Quinoa was originally grown in the Andes in South America by the Inca. Another naturally-gluten-free grain, quinoa is high in protein and contains all essential amino acids our bodies can’t make on their own. Quinoa is also high in potassium, which helps control blood pressure. The small quinoa grains cook in about 15 minutes, and can be incorporated into grain and vegetable salads or substituted instead of rice. Rinse quinoa before cooking; it grows with a bitter coating called saponin that helps prevent pests. Rinsing quinoa before cooking removes the saponins.12

Whole grain rice is often called brown rice, but whole grain rice can also be black, purple, red or other exotic colors. White rice and converted rice are refined, removing much of the B vitamins. Rice is easily digested, naturally gluten-free, and an excellent source of manganese that helps with protein and carbohydrate absorption. Wild rice is technically not rice, but rather the seed of an aquatic grass grown around the Great Lakes. It has twice the protein and fiber of brown rice, but is lower in iron and calcium. 13

Rye contains fiber both in the endosperm and the bran, which means it has a lower glycemic index than many other grains and can help manage blood sugar levels. The type of fiber in rye also promotes feeling full, which makes it useful in weight loss. Caution:  rye bread often contains wheat flour, and not always whole wheat flour. Look for whole rye or rye berries as the first ingredient for the healthiest foods.14

Sorghum, or milo, originated in Africa and is eaten like popcorn, made into a hot cereal, or ground into flour. Naturally gluten-free, it’s also high in antioxidants that promote overall health.  Sorghum is grown from traditional hybrid seeds and does not contain traits gained through biotechnology, making it nontransgenic (non-GMO).15

Teff is primarily found in Ethiopia and other countries in Africa. A tiny grain, it can be cooked as a hot cereal, added to muffins, breads, or pancakes; and made into a type of polenta. All types of teff are whole grain because the kernel is too small to mill easily. Teff is high in calcium and a source of resistant starch, a type of fiber that helps manage blood sugar levels and promote a healthy colon.16

There are several varieties of wheat, including spelt, emmer, farro, einkorn, Kamut, durum, cracked wheat (or bulgur wheat) and wheatberries (whole wheat kernels). Wheat contains large amounts of gluten, a protein that gives structure to yeast breads. Hard wheat contains more gluten and is used in bread while soft wheat has less gluten and is used in cake flour. Look for food labels that state ‘whole wheat’ to make sure you’re getting all the nutrients from the bran, germ, and endosperm. Labels that state ‘wheat’ refer to refined wheat that has had much of the nutrients removed during processing.17

References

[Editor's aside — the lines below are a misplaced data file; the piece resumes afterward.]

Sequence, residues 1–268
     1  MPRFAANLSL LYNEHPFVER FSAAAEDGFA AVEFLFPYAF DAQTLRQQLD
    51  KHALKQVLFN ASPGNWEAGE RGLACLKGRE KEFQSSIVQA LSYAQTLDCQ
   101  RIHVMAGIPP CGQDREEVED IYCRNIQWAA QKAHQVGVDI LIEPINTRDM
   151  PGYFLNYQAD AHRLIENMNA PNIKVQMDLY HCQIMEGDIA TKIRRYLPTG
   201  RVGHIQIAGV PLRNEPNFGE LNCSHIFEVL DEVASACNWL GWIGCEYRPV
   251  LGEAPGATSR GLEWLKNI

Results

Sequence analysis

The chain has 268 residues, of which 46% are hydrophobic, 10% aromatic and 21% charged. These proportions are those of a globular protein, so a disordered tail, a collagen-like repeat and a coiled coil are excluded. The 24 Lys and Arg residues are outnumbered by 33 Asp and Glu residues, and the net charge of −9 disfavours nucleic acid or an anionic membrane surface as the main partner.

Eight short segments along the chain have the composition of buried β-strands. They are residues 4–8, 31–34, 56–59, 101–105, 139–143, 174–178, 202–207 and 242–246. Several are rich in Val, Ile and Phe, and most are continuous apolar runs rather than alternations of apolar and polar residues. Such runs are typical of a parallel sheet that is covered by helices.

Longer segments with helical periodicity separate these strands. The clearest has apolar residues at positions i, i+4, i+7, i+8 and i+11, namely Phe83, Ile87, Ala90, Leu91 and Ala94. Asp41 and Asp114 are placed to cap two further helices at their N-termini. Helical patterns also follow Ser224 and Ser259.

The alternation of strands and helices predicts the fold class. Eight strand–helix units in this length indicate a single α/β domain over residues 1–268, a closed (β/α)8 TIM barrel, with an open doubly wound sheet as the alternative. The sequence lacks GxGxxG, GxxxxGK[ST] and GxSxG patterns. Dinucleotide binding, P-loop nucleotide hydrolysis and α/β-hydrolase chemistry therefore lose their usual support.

1. All About the Grains Group. USDA Choosemyplate.gov http://origin-www.choosemyplate.gov/grains  updated July 27, 2015. Accessed 8-20-15
  2. Sprouted Whole Grains. Whole Grains Council. http://wholegrainscouncil.org/whole-grains-101/sprouted-whole-grains Accessed 8-20-15
  3. The Greatness of Whole Grains. American Heart Association. http://www.heart.org/HEARTORG/GettingHealthy/NutritionCenter/HealthyEating/The-Greatness-of-Whole-Grains_UCM_455739_Article.jsp  Accessed 8-22-15
  4. Study. Whole Grains Affect Gut Bacteria, Insulin, and Cholesterol. American Institute for Cancer Research. http://blog.aicr.org/2015/01/27/study-effect-of-whole-grain-oats-on-gut-bacteria-and-health/ posted July 27, 2015. Accessed 8-22-15
  5. Grains. Nutrients and Health Benefits. Choosemyplate.gov http://www.choosemyplate.gov/grains-nutrients-health last updated June 12, 2015. Accessed 8-22-15
  6. Amaranth. May Grain of the Month. Whole Grains Council. http://wholegrainscouncil.org/whole-grains-101/amaranth-may-grain-of-the-month-0 accessed 8-22-15
  7. Barley. February Grain of the Month. Whole Grains Council. http://wholegrainscouncil.org/whole-grains-101/barley-february-grain-of-the-month Accessed 8-22-15
  8. Buckwheat. December Grain of the Month. Whole Grains Council http://wholegrainscouncil.org/whole-grains-101/buckwheat-december-grain-of-the-month Accessed 8-22-15.
  9. Corn. October Grain of the Month. Whole Grains Council. http://wholegrainscouncil.org/whole-grains-101/corn-october-grain-of-the-month Accessed 8-22-15
  10. Millet. November Grain of the Month. Whole Grains Council. http://wholegrainscouncil.org/whole-grains-101/millet-and-teff-november-grains-of-the-month Accessed 8-23-15
  11. Oats. January Grain of the Month. Whole Grains Council. http://wholegrainscouncil.org/whole-grains-101/oats-january-grain-of-the-month Accessed 8-23-15
  12. Quinoa. March Grain of the Month. Whole Grains Council. http://wholegrainscouncil.org/whole-grains-101/quinoa-march-grain-of-the-month  Accessed 8-23-15
  13. Rice and Wild Rice. September Grains of the Month. Whole Grains Council. http://wholegrainscouncil.org/whole-grains-101/rice-and-wild-rice-september-grains-of-the-month  Accessed 8-23-15.
  14. Rye + Triticale. August Grains of the Month. Whole Grains Council. http://wholegrainscouncil.org/whole-grains-101/rye-triticale-august-grains-of-the-month Accessed 8-23-15
  15. Sorghum. June Grain of the Month. http://wholegrainscouncil.org/whole-grains-101/sorghum-june-grain-of-the-month  Accessed 8-22-15
  16. Teff and millet. November Grains of the Month. Whole Grains Council. http://wholegrainscouncil.org/whole-grains-101/teff-and-millet-november-grains-of-the-month Accessed 8-23-15
  17. Wheat. July Grain of the Month. Whole Grains Council. http://wholegrainscouncil.org/whole-grains-101/wheat-july-grain-of-the-month Accessed 8-23-15